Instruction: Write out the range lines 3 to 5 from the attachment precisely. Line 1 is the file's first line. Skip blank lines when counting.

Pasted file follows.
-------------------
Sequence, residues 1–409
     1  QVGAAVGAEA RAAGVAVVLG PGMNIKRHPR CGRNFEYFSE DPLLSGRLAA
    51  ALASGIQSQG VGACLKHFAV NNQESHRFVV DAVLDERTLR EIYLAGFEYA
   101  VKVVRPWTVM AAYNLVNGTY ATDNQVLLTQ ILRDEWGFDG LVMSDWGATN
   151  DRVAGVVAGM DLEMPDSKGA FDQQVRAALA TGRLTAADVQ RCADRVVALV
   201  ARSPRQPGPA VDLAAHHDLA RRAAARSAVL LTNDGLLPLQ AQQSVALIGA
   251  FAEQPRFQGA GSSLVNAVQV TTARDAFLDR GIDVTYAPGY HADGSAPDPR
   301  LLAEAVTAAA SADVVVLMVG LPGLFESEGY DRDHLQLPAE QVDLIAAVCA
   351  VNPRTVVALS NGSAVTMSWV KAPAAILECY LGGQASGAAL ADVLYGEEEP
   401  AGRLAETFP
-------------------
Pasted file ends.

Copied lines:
    51  ALASGIQSQG VGACLKHFAV NNQESHRFVV DAVLDERTLR EIYLAGFEYA
   101  VKVVRPWTVM AAYNLVNGTY ATDNQVLLTQ ILRDEWGFDG LVMSDWGATN
   151  DRVAGVVAGM DLEMPDSKGA FDQQVRAALA TGRLTAADVQ RCADRVVALV